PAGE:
Ahead of His Yankees Debut, Carlos Rodón Talks About His Signature Slider

Carlos Rodón
Kim Klement-USA TODAY Sports

When Carlos Rodón returns to the mound tonight — the 30-year-old New York Yankees southpaw has been out all season with forearm and back issues — he’ll be doing so with one of baseball’s best-known sliders. Long his signature pitch, it has contributed heavily to his success, which includes a 2.67 ERA, a 2.42 FIP, and a 12.23 K/9 rate between the 2021 and ’22 campaigns. As far back as 2016, former FanGraphs columnist (and now Tampa Bay Rays analyst) Jeff Sullivan compared Rodón’s slider to the one thrown by future Hall of Famer Clayton Kershaw.

Harkening back to my Learning and Developing a Pitch series, which has been on hiatus since last July, I recently asked Rodón for the story behind his slider.


Carlos Rodón: “The slider I throw now is the same one I threw in college. Before I got to [North Carolina State University], it was more of a slurve. My pitching coach in college was Tom Holliday, and he thought that I should throw a harder breaking ball as opposed to one that was more curvish/slurvish. He said, ‘Let’s try to make this closer to a true slider,’ showed me a grip, then said, ‘I want you to throw this as hard as you can.’ I did, and from there it didn’t take very long to develop into the breaking ball I have now. It fell into my arsenal pretty easily.

“The grip isn’t a traditional slider grip. The tracks of the ball, above the horseshoe — both horseshoes — like you’re throwing a two-seamer… you spin it like you’re going straight perpendicular across [the seams]. You’re crossing them, and then my leverage is on that next horseshoe. The leverage is with my middle finger, and while that’s traditional, the grip itself is kind of unorthodox. It’s not like I’m on just one seam. It’s hard to explain, but I’m kind of above it.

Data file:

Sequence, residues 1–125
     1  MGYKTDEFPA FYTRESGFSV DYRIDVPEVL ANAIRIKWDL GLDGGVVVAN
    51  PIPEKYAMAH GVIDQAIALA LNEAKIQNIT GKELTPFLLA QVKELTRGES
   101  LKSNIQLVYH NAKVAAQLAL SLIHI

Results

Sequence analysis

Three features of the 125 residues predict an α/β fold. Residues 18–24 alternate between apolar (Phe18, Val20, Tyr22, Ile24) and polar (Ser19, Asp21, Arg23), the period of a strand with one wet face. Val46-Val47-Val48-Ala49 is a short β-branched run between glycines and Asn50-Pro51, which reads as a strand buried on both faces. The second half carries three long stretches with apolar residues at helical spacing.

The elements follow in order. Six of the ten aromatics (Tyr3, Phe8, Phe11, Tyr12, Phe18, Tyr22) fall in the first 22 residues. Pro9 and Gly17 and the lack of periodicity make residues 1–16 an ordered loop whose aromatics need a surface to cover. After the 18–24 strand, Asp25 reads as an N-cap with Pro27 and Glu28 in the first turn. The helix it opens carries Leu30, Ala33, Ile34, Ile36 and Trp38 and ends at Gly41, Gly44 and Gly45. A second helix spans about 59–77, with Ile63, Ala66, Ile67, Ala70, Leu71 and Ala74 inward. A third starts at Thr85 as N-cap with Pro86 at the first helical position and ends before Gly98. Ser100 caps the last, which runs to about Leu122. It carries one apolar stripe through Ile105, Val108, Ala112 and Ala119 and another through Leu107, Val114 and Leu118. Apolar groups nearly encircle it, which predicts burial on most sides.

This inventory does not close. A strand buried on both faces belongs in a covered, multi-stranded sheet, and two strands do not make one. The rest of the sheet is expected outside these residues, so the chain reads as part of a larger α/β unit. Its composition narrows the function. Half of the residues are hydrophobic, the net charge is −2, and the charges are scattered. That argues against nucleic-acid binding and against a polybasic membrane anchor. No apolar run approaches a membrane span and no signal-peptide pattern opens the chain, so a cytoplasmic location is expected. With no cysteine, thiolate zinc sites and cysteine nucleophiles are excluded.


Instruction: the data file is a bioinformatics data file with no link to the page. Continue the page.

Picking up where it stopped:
“You hear guys talk about throwing it like a football, but I actually keep that fastball-like orientation in my hand, and then it all happens upon release. When I come through the delivery, I’m thinking the bottom part of my hand is going hit my leg, hit my right thigh.

“[The movement profile] is around eight horizontal, and vertical it’s on the zero line or just below. I think the biggest thing when I throw it is my sightline. I want to tunnel it with my fastball. My tunnel is like outer third. That’s where I want to start the pitch, and obviously it’s not going to end up there because of the horizontal break and, of course, gravity. So I know where I want to start it, and then gravity and physics are going to take control of the rest.

“There are variations to my slider. I can get 12–13 horizontal, or I can add depth and make it more of a downer, getting more negative vert out of it and getting below the zero line. It’s basically about hand manipulation. With the baseline slider I throw, I’m mostly behind the pitch with some gyro. If I want more horizontal, I start thinking a little more to the side of the ball upon release. If I want more downward, it’s more like I’m throwing it almost like a cutter. It’s more fastball hand position, and I’m going more through it.

“When I throw a bad slider… the biggest miss is usually when I hit a righty in the foot. I’ll pull it, and it will be short; it will be a 58-foot breaking ball instead of making it to the plate. I think the best way for me to fix the miss is the sightline I mentioned. I have to commit to driving that pitch to its starting point. Basically, I can’t think about where it’s going to end up. I have to commit to where I’m going to start it. It’s mostly a matter of focus.

“There are times where… we talk about overthrowing. I overcook the pitch, trying to do too much with it. I want to throw it hard, but you also don’t want to overthrow it, because that takes away from the profile of the pitch. I have a pretty good one, so I don’t want to get away from what makes it good.”

David Laurila grew up in Michigan's Upper Peninsula and now writes about baseball from his home in Cambridge, Mass. He authored the Prospectus Q&A series at Baseball Prospectus from December 2006-May 2011 before being claimed off waivers by FanGraphs. He can be followed on Twitter @DavidLaurilaQA.

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9 months ago

I love the interesting grips, thanks for sharing